I’ve liked Philip Taaffe’s work since I first saw it, in the early to mid-1980s, but I’ve also been puzzled by its reception—by its considerable success and reputation. That puzzle was pointed up for me this summer, when this show of thirteen works mostly from 2013, all but one mixed media on canvas or linen, ran a few blocks away from a simultaneous exhibition by the Pattern and Decoration (P&D) artist Robert Zakanitch, which I wrote on here last month. P&D emerged in the 1970s, won a good deal of attention, then largely fell from critical grace; just a few years later, Taaffe’s early


    THE WORLD OF WILLIE DOHERTY’S Secretion, 2012, is entropic and still, a place where little moves. Set up visually as a sequence of views of woods, waters, and a deserted house, the video might perhaps have come off as pastoral if shot in breezy sunshine but speaks instead of stagnation and decay. Shooting on windless days of gray light, Doherty finds fungi, lichens, and damp leaf litter in the dank forest, and growths, molds, and creeping mildews in the crumbling house. The only thing in motion is running water, but running water spreading spores of algae, or screened by a milky film. Combining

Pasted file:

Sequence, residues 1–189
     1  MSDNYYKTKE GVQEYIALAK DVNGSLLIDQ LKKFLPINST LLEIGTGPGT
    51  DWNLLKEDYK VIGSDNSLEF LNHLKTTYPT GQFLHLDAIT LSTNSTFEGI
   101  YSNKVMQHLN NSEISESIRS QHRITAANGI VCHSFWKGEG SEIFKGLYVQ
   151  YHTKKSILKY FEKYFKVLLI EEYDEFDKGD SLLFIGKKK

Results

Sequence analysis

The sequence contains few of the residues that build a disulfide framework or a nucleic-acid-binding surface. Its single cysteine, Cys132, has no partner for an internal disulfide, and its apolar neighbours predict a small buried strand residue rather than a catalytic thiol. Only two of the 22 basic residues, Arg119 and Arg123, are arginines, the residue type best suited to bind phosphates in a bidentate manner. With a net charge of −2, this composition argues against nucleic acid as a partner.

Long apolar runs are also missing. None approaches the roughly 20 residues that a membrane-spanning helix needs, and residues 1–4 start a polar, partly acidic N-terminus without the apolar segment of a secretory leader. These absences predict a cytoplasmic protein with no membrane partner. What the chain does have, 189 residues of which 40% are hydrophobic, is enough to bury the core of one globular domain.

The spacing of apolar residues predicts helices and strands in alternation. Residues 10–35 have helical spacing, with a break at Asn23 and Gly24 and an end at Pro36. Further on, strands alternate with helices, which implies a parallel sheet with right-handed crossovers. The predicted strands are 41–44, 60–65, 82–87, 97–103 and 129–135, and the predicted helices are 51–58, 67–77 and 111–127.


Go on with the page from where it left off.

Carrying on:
• Robert Zakanitch

    A founding member of the P&D (Pattern and Decoration) movement of the 1970s, Robert Zakanitch made a series called “Hanging Gardens,” 2011–, for this exhibition, producing ten paintings in gouache on paper in the same large size, eight by five feet, as well as a handful of smaller pieces. In each work, a curtain of flowers—wisteria, honeysuckle, apricot—runs from top to bottom of the paper. At the top there is always some kind of architectural structure—a frieze, a scroll, an ironwork grid—that hides the flowers a little, sometimes blotting them out, sometimes just making